Ahh, pumpkins, the golden (and other) hued harbinger of Autumn. Native to North and Central America, pumpkins were introduced to European colonists by the Indigenous peoples. Now these winter squashes have grown and evolved, playing large parts in savory and sweet dishes around the world. They have given rise to new pumpkin products like vomFASS Styrian Pumpkinseed Oil and Pepitas.
From Jack-o-Lanterns to pies and soups, the preparation of pumpkins must include dealing with the seeds residing within the squash itself. Whether you compost it, plant it, or wash the seeds off and roast them for fun, each family has a tradition with what to do with the scoops of goop from inside their pumpkin.
What are Pepitas?
In Spanish, pepita means little seeds of squash. You may have heard that “pepitas” is another term for pumpkin seeds. Yet, the pepitas at the store don’t look like the seeds that come from homegrown pumpkins. Pepitas have a fine papery skin, much like hulled sunflower seeds. So, are pepitas simply hulled pumpkin seeds?
The Naked Truth...
The truth is that pepitas and jack-o-lantern pumpkin seeds are not part of the same seed — they're not even part of the same pumpkin. They are, in fact, botanical cousins. As such, it is true that all pepitas are pumpkinseeds; however, not all pumpkinseeds are pepitas.
In the late 1800’s a natural mutation occurred in some of the pumpkins in the Styrian region of Austria where a recessive gene was expressed which created pumpkinseeds which did not have hulls. Naked-seeded pumpkins, also known as oil seed or hull-less pumpkins, are characterized by having a thin membranous seed coat (testa) rather than the hard, lignified seed coat that conventional pumpkin seeds have. This makes the entire seed edible.
Types of Pumpkins
While the world tends to think of a pumpkin as one kind of vegetable, it's fun to consider that there are different pumpkins for differing purposes. It’s the Howden pumpkins which are usually used for holiday décor and Jack-o-Lanterns. Sugar pumpkins traditionally used for pies. Styrian pumpkins used for seeds and pumpkinseed oil.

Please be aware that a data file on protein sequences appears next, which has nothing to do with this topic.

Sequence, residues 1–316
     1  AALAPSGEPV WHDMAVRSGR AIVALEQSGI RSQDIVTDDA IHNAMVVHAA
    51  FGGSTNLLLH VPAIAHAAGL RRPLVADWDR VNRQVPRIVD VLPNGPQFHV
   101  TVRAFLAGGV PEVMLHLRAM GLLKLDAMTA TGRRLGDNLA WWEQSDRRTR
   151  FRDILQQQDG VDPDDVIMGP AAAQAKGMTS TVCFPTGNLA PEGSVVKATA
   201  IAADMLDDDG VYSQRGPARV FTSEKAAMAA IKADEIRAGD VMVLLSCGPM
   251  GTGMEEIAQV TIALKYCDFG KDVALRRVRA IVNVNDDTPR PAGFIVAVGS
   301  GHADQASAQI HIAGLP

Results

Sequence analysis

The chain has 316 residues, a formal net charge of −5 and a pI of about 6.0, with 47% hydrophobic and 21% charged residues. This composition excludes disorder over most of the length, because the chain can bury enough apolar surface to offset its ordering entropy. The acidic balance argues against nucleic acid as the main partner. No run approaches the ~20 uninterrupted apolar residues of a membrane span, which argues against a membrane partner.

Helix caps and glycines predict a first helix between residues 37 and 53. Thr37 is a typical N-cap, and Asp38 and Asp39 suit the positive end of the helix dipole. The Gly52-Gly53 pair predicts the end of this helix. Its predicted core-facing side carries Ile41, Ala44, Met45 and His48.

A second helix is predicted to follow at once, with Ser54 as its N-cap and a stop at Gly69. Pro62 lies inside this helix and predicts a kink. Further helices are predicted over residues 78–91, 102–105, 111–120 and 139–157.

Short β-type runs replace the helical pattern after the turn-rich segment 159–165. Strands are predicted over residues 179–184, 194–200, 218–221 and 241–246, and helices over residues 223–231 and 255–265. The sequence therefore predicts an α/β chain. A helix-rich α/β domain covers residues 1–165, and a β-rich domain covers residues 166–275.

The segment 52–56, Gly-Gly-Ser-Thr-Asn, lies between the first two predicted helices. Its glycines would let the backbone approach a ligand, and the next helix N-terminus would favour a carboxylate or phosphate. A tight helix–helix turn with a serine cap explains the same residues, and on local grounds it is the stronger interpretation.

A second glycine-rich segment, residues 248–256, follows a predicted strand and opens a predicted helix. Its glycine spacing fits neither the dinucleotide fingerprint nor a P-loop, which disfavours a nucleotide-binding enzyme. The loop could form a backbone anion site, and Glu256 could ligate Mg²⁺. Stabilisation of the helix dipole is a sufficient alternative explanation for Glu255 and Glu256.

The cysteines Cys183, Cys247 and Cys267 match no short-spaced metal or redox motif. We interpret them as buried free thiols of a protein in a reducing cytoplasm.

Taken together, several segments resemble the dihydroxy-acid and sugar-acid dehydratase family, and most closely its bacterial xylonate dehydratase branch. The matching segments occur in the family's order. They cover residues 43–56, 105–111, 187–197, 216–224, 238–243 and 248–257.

Today these hull-less seeded Styrian pumpkin varieties are known as Ölkürbis or literally, oil squash. Their naked, edible seeds are easily pressed to extract the prized Styrian Pumpkinseed Oil. While many studies have shown pumpkinseeds and their cold-pressed oil to be nutritious, we’d like to focus on its many delicious uses
If you’ve never tasted vomFASS Styrian Pumpkinseed Oil, we invite you to our tasting room to taste a bit of heaven. Gently roasted pumpkinseeds are cold pressed to extract this richly hued dichromatic oil. While deep green in color, when you hold it against the light it shimmers reddish. Its robust flavor coats your palate with a distinct nutty flavor, similar to roasted pumpkinseeds (and none of their carbs!)
Knowing how good it tastes (and how good it is for you) we’ve pulled together our Top 10 uses for vomFASS Styrian Pumpkinseed Oil. This oil has a low smoke point (320˚F) and tastes best when used in cool or warm applications. It adds a nutty way to shake things up across the menu, from cocktails to appetizers, mains, sides and on to desserts!
on scrambled eggs, squash, grilled eggplant, potatoes, or creamy soups.
into a quick weeknight salad dressing with lemon and vomFASS Sherry Vinegar.
with arugula and mint (instead of basil), pumpkin seeds instead of pine nuts (along with garlic and parm) and replace half of the olive oil with pumpkinseed oil.
on a toasted baguette and top with chorizo and blue cheese for a brilliant appetizer.
with a block of cream cheese, a tablespoon of Dijon, and a quarter cup of chopped pumpkinseeds for a ridiculously easy veggie spread.
on frozen custard for an easy, yet elegant desert.
Check out some of our special recipes below to “pump” up your Thanksgiving menu!
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